Flower-clusters: often four and a half inches in diameter. Construction, see A. incarnata, page 76. Pods i two only, which burst open and let fly seeds with beautiful, silky tufts. Leaves: very large; six to eight inches long; opposite, or scattered; oblong; pubescent underneath; glabrous on the upper surface. Stem: tall; coarse; with a milky juice; pubescent.
One of the greatest charms of the wild flowers is that they never have to be bought. The beggar can enjoy the world flushed with myriad, evanescent hues that blend into each other like the delicate splendour of a bird's plumage quite as well as can a monarch on his throne. The only requisite is to have the discriminating eyes that see: see as do the artists.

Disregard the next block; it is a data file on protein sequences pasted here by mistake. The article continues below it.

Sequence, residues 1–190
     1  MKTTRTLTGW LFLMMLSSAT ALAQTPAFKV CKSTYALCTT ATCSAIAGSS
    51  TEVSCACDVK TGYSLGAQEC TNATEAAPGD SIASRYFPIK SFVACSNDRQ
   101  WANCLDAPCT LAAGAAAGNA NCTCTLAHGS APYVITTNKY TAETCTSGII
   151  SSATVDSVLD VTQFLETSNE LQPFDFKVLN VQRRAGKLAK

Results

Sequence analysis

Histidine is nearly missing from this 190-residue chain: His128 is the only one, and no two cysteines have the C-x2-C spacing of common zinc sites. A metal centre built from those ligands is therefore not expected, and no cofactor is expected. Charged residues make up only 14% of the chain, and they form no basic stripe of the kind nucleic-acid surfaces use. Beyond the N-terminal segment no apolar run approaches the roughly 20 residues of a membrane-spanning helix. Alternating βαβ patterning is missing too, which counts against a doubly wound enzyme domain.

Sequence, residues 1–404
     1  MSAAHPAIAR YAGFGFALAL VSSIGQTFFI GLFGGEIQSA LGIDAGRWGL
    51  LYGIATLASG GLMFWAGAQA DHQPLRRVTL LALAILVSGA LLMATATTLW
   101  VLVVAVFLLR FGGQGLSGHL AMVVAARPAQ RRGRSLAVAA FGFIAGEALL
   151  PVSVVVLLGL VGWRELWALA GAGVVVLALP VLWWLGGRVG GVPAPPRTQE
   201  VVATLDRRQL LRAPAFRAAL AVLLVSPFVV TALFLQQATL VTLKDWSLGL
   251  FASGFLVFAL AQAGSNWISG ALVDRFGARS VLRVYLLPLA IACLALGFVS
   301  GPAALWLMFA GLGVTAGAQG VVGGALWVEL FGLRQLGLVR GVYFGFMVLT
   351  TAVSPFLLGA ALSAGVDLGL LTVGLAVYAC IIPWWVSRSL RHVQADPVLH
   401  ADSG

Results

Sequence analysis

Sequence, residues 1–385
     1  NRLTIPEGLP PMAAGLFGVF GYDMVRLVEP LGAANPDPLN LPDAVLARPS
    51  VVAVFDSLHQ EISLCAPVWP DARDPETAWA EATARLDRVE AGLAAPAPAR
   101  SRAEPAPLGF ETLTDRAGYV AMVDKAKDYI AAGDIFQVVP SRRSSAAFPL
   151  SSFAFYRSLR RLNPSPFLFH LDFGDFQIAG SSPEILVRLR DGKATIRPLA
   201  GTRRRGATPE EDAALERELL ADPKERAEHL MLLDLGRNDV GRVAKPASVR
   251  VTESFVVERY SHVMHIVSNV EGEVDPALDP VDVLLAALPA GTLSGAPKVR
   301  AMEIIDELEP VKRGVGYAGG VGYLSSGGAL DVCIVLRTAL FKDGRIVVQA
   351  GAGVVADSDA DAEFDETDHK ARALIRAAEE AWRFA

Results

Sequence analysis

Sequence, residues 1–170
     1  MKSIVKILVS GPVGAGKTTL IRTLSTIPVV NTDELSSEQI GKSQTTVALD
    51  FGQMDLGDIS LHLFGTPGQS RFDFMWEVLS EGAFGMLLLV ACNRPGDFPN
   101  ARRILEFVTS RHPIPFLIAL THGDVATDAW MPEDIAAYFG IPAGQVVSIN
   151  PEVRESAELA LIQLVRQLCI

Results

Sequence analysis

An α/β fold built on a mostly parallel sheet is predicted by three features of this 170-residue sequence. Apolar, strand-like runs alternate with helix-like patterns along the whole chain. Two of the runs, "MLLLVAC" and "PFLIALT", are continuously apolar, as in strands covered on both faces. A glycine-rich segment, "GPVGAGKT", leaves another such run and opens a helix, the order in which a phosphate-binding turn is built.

Barefooted urchins think, undoubtedly, that the common milkweed blows for them, and the pompons they make from its seed pods for their torn straw hats become them extremely well. They slumber sweetly upon the pillows and mattresses that are stuffed with the pappus and laugh at the "city people" for calling the plant "rubber tree." It blooms in the dry fields and all along the waysides and is the most generally known of the family.